Speech-based self-service solutions is a more practical and safer means to communicate over these increasingly popular devices than typing, touching and thumbing on raised or on-screen keyboards. Nuance has developed a mobile care application that intercepts smart phones’ calls to contact centers. It then provides answers to the most common customer service questions on the devices’ displays. Even so, contact centers should not be ready to let go large numbers of live agents just yet, for going mobile has given more opportunities for customers to contact organizations when they need them.

“The creation of mobile service applications are not so much displacing other self-service channels as they are decreasing the customer effort required to contact customer service by choosing the most convenient option available,” says Foley.

Refining the Technology

The gradual speech application adoption rate reflects what is still a painstaking application development processes. These solutions can take weeks if not months to install, tune and test and refine before going live.

There are signs though that speech rec is in a gradually accelerating “virtuous wheel” of innovation, improvement, demand and affordability. The Frost and Sullivan analyst is seeing growing availability and maturity of application development tools, including development environments, grammar builders and reusable application modules. The firm is witnessing three to four percent annual drops in average systems’ sale prices.

“As the tools and techniques for speech application development have moved from the realm of the experienced speech engineer to a broader developer base, competition for application development has increased and costs are coming down accordingly,” says Outlaw.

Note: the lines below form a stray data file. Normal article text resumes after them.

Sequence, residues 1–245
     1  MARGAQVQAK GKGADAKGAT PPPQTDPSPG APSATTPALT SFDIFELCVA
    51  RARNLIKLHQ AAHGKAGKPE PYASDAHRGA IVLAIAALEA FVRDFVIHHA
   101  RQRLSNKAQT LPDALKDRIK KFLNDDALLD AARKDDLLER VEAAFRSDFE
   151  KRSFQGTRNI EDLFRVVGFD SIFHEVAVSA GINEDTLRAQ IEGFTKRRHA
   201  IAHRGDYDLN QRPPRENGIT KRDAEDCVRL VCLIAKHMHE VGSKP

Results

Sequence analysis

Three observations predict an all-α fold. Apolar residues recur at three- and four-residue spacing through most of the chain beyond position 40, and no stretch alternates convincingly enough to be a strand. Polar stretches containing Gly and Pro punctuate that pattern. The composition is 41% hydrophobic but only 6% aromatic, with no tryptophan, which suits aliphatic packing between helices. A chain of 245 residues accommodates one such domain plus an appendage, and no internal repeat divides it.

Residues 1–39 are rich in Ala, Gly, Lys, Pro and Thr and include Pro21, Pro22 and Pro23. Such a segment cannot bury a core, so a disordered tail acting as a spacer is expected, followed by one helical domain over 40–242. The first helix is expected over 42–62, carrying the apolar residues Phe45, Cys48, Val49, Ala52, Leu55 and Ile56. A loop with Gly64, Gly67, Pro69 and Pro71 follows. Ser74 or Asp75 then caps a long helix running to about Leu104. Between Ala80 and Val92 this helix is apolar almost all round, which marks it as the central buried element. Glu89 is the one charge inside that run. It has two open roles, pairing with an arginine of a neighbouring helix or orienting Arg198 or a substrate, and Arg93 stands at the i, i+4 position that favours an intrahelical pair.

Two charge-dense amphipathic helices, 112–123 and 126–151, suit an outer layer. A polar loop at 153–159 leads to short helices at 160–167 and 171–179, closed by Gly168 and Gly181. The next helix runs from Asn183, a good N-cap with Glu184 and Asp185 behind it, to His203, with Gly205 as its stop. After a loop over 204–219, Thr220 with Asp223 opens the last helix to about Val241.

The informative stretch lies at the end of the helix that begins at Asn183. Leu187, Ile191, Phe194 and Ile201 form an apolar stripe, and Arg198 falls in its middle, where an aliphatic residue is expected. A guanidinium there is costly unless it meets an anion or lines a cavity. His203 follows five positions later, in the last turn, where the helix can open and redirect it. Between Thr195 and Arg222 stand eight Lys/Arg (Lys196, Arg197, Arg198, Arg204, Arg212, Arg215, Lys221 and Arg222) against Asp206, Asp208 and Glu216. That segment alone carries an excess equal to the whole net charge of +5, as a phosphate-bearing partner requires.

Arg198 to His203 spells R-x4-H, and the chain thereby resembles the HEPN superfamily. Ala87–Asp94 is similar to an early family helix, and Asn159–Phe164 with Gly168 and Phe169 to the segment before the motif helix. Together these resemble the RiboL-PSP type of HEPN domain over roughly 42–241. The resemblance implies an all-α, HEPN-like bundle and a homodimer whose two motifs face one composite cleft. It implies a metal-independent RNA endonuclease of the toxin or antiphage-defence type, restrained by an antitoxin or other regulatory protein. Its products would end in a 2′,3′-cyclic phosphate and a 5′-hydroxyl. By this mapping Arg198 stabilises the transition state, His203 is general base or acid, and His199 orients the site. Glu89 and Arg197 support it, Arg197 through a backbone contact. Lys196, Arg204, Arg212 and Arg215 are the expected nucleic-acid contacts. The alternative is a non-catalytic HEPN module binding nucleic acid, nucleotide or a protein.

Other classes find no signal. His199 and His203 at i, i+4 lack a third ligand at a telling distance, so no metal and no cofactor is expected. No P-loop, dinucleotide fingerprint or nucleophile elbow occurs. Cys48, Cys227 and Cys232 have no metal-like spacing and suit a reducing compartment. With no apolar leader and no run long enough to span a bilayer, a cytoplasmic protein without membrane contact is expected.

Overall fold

Pre-programmed applications are also making speech applications more affordable and viable. Businesses can often tailor these applications to their requirements through parameter settings and configurations. For more specific requirements some application customization may still be required, but with at least the shell of the application pre-built, the cost and time to deployment are less than with applications which are entirely custom-built.

Helping to drive these improvements is a shift to standards-based writing, adoption and use in application, grammar, development, interfaces and communications creation and away from proprietary software. Key among these standards are: CCXML, GRXML, VXML, SRGS, Eclipse, MRCP and SIP.

“Even though standards never seem to deliver on their full promise they are having a positive impact on the development and portability costs of speech applications,” says Outlaw.

Suppliers have been refining their speech-supporting solutions. In 2010 Voxeo came out with the Prophecy 10 platform, which can support over 6,000 concurrent calls per server - more than 10 times it says the performance of other standards-based platforms. This greater efficiency simplifies and reduces deployment time and costs both upfront and ongoing support. For example, a Prophecy 10 software installation and configuration for the 16,000 port system above took less than 30 minutes in total while most other VoiceXML (News - Alert) IVR vendors require more than a week to configure a similar-sized system.

Prophecy 10 features bundled U.S. English speech recognition and synthesis (TTS) engines; it supports more than 30 additional language engines from vendors including Cepstral (News - Alert), IBM, Loquendo, Lumenvox, Microsoft, Nuance and Telisma. Prophecy supports industry standards such as VoiceXML, CCXML, SCXML and SIP.